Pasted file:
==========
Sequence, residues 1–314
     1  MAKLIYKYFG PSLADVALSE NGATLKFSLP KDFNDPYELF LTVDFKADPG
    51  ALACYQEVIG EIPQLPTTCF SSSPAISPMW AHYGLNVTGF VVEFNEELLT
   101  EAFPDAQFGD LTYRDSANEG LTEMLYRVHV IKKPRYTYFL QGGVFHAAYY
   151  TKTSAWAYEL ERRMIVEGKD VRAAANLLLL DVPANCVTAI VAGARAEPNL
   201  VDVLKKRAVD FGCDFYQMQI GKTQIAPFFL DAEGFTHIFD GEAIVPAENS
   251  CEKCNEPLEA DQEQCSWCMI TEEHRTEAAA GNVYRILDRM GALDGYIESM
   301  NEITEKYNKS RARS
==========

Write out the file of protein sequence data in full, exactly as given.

Sequence, residues 1–314
     1  MAKLIYKYFG PSLADVALSE NGATLKFSLP KDFNDPYELF LTVDFKADPG
    51  ALACYQEVIG EIPQLPTTCF SSSPAISPMW AHYGLNVTGF VVEFNEELLT
   101  EAFPDAQFGD LTYRDSANEG LTEMLYRVHV IKKPRYTYFL QGGVFHAAYY
   151  TKTSAWAYEL ERRMIVEGKD VRAAANLLLL DVPANCVTAI VAGARAEPNL
   201  VDVLKKRAVD FGCDFYQMQI GKTQIAPFFL DAEGFTHIFD GEAIVPAENS
   251  CEKCNEPLEA DQEQCSWCMI TEEHRTEAAA GNVYRILDRM GALDGYIESM
   301  NEITEKYNKS RARS